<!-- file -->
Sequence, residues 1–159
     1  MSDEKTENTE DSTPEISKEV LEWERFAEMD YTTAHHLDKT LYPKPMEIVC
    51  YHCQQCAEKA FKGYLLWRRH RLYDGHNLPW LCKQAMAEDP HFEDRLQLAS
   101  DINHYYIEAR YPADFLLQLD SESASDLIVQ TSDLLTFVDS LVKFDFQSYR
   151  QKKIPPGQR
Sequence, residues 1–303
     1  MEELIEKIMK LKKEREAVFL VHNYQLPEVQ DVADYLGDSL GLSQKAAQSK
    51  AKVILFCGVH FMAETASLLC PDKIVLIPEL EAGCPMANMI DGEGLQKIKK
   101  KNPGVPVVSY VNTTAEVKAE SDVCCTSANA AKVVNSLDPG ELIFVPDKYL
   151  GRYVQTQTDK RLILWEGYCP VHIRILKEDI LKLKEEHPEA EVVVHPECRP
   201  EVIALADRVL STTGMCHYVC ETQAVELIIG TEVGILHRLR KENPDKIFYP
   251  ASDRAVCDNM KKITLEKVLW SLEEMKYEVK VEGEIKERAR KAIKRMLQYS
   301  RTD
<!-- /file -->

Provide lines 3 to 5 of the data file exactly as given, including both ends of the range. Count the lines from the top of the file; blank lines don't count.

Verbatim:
    51  YHCQQCAEKA FKGYLLWRRH RLYDGHNLPW LCKQAMAEDP HFEDRLQLAS
   101  DINHYYIEAR YPADFLLQLD SESASDLIVQ TSDLLTFVDS LVKFDFQSYR
   151  QKKIPPGQR